Experiencing teaching in Japanese schools through Outreach Program organized by the Intercultural Communication Center (ICC)
Edhil Jon Dizon Ordonio, exchange student at the School of International Liberal Studies
“When I decided to study in Japan, one of my goals is to experience teaching and learn about the education system in Japan as much as possible. The reason for doing so is to broaden my mind and expand my horizon as I want to be an educator in future. During my studies here in Waseda University, I was so exhilarated to know about the ICC Outreach Program and decided to apply for it. It was the exact kind of program I was looking for. Even though I have had experience visiting Japanese elementary schools and talking to the students in English before, I did not have the opportunity to actually teach in these schools,” said Ordonio with a big smile on his face.
The Outreach Program organized by the Intercultural Communication Center (ICC) of Waseda University is a program that serves to encourage cultural exchange between international students and Japanese students of Waseda University, as well as students from the affiliated schools (elementary, junior high and high schools) of the University. An international student and a Japanese student will form a pair, design and implement a lesson plan they would carried out at one of Waseda University’s affiliated schools. This time, the program took place on June 8 and 22, 2017 at Waseda University Junior High School, targeting second and third year junior high school students.
Ordonio was amazed by the amount of time each student was given to teach when he attended the orientation for the Outreach Program. Each pair, which consists of an international student and a Japanese student, teaches two classes that last for 50 minutes with a ten minute break in each class. It was at the orientation where Ordonio first met his Japanese partner, exchanged contacts and made preparation for the incoming exciting day to come.
In a pair, participating students will discuss about the content of their classes and activities they wish to carry out, as well as the ways they will like to go about implementing them. Ordonio and his Japanese partner decided to include an icebreaking session followed by quizzes in their classes. During the ice breaker, Ordonio decided to introduce a game popular in his home university – Iowa State University. A ball is needed to play the game. The student who has the ball in hand has to do a self-introduction. After which, he or she will pass the ball to the next person who will then do a self-introduction, repeating the process. In order to make the whole experience more fun, Ordonio’s partner did a rap version of Ordonio’s self-introduction in Japanese, based on the self-introduction Ordonio came up with beforehand. Sticking to the guidelines provided by ICC, the pair worked closely together and even made presentation slides for the students in Japanese.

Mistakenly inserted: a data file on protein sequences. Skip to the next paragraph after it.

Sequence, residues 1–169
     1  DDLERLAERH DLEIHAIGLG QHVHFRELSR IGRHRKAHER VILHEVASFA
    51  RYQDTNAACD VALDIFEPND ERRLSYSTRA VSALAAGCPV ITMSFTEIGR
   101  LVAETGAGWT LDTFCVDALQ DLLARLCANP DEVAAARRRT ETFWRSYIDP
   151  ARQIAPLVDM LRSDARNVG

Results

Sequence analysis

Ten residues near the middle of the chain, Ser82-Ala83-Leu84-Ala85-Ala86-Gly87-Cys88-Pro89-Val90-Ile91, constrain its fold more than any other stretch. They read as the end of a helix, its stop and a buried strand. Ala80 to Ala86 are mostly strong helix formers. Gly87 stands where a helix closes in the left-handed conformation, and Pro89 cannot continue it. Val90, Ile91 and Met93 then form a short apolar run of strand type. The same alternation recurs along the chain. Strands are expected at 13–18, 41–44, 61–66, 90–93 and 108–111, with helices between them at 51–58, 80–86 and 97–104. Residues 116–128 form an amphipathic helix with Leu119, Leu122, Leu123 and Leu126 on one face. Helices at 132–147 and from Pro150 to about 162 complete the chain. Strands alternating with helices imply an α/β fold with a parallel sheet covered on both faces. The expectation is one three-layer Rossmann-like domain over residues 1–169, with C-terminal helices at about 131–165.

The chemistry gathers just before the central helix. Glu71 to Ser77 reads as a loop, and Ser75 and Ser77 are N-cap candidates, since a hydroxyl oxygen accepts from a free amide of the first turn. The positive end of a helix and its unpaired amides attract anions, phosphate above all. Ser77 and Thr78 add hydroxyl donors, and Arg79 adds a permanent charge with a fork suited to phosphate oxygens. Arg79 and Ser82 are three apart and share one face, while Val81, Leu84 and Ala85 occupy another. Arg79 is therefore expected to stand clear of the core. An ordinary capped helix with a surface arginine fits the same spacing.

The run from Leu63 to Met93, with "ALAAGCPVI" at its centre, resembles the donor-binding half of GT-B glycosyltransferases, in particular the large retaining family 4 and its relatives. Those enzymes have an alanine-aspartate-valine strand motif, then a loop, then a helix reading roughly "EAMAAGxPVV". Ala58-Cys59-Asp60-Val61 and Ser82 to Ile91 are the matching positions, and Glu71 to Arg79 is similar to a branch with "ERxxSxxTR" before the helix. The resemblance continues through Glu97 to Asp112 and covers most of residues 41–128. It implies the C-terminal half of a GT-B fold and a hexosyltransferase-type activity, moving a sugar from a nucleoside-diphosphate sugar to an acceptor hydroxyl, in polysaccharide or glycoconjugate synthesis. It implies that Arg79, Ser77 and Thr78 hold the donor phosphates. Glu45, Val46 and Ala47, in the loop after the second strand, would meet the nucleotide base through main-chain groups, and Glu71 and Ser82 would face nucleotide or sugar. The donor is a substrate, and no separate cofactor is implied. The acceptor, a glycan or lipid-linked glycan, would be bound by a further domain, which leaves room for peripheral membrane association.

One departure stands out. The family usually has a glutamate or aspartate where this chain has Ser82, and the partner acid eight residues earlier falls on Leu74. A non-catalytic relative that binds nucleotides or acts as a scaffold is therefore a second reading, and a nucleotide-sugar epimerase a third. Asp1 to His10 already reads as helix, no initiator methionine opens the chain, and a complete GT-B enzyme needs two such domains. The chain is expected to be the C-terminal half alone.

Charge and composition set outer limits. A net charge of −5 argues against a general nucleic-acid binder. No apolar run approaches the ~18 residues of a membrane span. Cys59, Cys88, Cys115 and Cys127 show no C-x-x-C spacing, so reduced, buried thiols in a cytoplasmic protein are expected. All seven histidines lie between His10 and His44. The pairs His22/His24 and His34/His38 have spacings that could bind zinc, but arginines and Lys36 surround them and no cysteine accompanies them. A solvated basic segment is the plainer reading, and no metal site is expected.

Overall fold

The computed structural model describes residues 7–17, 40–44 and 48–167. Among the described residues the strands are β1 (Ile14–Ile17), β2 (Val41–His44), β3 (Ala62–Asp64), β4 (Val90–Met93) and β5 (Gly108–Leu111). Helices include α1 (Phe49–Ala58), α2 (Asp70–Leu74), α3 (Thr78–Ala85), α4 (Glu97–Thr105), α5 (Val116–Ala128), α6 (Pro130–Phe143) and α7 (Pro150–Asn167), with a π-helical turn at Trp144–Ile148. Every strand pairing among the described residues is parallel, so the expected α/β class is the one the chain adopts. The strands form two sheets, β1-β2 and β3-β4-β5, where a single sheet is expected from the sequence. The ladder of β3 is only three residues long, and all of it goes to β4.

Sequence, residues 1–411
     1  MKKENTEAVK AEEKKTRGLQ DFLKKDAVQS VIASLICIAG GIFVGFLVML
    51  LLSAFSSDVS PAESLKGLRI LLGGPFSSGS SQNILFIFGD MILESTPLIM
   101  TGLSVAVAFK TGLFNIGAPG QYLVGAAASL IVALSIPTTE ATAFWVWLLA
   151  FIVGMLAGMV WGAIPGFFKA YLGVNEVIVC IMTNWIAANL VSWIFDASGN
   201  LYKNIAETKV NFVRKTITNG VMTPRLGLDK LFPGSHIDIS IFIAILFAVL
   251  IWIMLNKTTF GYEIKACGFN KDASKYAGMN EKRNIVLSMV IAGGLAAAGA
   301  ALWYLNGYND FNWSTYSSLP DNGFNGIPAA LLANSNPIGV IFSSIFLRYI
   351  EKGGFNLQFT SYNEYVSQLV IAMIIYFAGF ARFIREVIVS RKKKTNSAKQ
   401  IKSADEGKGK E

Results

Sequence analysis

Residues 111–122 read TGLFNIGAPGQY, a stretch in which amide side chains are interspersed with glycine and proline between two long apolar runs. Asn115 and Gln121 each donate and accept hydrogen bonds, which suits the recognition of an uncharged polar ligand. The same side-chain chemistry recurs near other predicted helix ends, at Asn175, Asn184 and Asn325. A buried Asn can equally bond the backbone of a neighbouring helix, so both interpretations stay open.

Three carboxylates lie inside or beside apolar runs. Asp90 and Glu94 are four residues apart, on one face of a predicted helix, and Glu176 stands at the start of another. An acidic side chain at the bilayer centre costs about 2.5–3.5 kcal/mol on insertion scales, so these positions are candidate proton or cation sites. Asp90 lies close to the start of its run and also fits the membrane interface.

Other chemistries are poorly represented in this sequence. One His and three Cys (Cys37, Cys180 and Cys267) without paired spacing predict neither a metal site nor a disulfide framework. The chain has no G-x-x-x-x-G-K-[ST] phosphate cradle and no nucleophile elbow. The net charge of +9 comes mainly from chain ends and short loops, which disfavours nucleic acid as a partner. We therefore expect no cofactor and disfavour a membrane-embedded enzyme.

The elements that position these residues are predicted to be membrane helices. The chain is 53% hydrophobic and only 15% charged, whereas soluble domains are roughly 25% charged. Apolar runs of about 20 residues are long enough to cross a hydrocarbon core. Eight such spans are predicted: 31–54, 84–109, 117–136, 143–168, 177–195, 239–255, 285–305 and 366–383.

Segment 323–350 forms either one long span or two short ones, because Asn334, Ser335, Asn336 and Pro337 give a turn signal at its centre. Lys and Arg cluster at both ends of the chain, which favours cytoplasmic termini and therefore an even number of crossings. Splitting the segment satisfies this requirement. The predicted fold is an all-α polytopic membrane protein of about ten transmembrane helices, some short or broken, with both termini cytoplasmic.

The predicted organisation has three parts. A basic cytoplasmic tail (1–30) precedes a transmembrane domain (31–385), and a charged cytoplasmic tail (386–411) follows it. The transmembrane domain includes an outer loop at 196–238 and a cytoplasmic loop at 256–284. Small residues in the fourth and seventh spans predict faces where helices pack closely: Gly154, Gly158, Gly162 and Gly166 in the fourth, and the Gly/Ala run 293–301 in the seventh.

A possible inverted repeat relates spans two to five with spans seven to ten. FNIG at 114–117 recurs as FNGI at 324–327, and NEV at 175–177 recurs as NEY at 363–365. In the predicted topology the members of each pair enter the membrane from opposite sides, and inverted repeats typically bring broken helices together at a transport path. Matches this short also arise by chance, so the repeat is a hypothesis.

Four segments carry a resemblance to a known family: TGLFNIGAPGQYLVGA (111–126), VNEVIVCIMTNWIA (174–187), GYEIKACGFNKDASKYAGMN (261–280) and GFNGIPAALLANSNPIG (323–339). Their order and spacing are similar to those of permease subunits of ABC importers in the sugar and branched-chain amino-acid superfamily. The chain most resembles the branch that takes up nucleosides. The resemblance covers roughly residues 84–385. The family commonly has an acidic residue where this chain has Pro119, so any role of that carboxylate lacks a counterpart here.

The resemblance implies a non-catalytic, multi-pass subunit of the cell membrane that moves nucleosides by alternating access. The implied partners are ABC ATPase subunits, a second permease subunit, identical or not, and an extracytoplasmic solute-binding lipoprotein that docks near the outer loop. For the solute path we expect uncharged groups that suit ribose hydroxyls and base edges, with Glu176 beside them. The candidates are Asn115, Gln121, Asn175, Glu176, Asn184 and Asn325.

“When we were on our way to Waseda University Junior High School, my partner and I started to get really nervous. We were worried if our slides were okay given that we completed them in a very short time. When we entered the classroom, the students greeted us with energy and we were very delighted to know that they were looking forward to our class. There were some parts where our presentation slides did work out as planned, but we were able to exercise flexibility. We initially allocated 15 minutes for the game called Simon Says but it turned out unexpectedly positive and ended up taking 30 minutes instead. The part that students and both of us enjoyed the most was a game in which we had to draw pictures of things and belongings students possessed on the black board,” said Ordonio as he recalled the day he went to Waseda University Junior High School.
Through his participation in the ICC Outreach Program, Ordonio felt that in Japan, students develop a very strong bond with their teachers. He felt that it was as if the students trusted their teachers like they would trust a family member. Ordonio also mentioned that if teachers can achieve the trusts of the students just like the teachers in Waseda University Junior High School, they have succeeded as an educator. He hopes that the experience he gained through the program would be put into good use when he becomes an educator himself in future.